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Minneapolis community reflects on no-knock search warrant policy changes

Minneapolis social justice advocates and community members discuss the history and impact of search warrants on the public and law enforcement alike.
Image by Gabrielle Erenstein
Minneapolis police car in Minneapolis, Minnesota, on Friday July 7, 2023.

More than a year after Minneapolis changed its no-knock search warrant policy, community members and advocates reflect on the impacts of search warrants in the city. 

Minneapolis changed its no-knock warrant policy in April 2022 to require officers to wait 20 seconds during the day and wait 30 seconds during the night before entering a building. However, officers could still enter without knocking or announcing themselves if dangerous circumstances occur and harm prevention is needed. 

Additionally, state lawmakers passed a public safety budget including new restrictions on no-knock warrants, which went into effect in July. The restrictions prevent judges from issuing no-knock warrants unless a place is unoccupied, if there is an immediate threat to officers’ safety or if officers announce their presence before entering.

However, according to Minneapolis Police Department (MPD) spokesperson Garret Parten, MPD’s policies have since become even more strict. 

“No-knock search warrants are prohibited,” Parten wrote in an email statement to the Minnesota Daily. “MPD officers shall not apply for or execute a no-knock search warrant, whether for MPD or on behalf of another agency.”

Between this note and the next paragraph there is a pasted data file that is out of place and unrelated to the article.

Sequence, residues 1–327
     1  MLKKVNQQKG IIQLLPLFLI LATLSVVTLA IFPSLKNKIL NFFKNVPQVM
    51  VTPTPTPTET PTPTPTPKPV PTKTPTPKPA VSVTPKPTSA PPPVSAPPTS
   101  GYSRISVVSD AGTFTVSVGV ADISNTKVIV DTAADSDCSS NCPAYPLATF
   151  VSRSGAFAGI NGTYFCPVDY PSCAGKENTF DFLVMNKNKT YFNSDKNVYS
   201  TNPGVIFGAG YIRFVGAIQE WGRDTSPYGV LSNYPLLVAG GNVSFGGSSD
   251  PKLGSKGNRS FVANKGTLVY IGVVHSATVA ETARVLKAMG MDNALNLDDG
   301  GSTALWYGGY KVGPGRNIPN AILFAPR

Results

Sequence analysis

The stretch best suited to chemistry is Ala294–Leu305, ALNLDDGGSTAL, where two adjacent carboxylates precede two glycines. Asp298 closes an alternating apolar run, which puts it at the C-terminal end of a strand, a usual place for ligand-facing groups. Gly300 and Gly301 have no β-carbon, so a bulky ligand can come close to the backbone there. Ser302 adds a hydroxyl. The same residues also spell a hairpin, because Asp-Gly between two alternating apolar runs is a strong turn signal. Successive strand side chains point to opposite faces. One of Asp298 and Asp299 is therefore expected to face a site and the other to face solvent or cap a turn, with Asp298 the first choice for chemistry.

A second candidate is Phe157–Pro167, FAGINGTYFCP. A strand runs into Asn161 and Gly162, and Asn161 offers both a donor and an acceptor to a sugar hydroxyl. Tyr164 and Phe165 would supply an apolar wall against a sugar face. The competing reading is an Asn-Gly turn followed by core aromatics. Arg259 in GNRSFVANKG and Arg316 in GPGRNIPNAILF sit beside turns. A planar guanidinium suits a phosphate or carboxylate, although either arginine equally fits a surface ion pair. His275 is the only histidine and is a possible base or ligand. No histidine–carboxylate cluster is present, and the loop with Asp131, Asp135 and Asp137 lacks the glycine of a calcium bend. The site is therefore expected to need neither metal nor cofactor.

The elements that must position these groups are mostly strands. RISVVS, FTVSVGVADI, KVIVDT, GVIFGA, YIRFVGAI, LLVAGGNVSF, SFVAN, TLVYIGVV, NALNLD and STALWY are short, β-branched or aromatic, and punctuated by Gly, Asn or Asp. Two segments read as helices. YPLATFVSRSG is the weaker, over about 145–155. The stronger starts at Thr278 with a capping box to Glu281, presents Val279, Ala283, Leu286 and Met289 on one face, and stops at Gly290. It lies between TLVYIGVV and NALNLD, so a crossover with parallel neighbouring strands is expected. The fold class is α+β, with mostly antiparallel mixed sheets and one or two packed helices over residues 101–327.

Parten added that the restrictions apply for knock-and-announce warrants as well, and MPD cannot request other agencies execute no-knock warrants in Minneapolis.

In 2022, MPD requested 11 search warrants and executed nine, according to a July 7 report from the Bureau of Criminal Apprehension (BCA). While the number of reported executed no-knock warrants was roughly 73% lower than the previous year, BCA’s data only covered three months of 2021.

MPD was not the only agency to execute no-knock warrants in the city, however. From the three reported months in 2021 to 2022, the Hennepin County Sheriff’s Office increased its execution of no-knock warrants in the city by 400%, according to the BCA.

Impact of search warrants

More than half of no-knock warrants executed across the state in 2022 were on Black residents, according to the BCA. The report also showed significant racial disparities and disproportionate use of no-knock warrants against Black residents compared to white residents statewide. 

Members of the student organization Knock First at the University of St. Thomas, Alex Kautza and Isabel Hansen, were introduced to the group through the Community Justice Project at St. Thomas. Hansen said the most striking piece of data is the ethnic disparity in no-knock warrant subjects.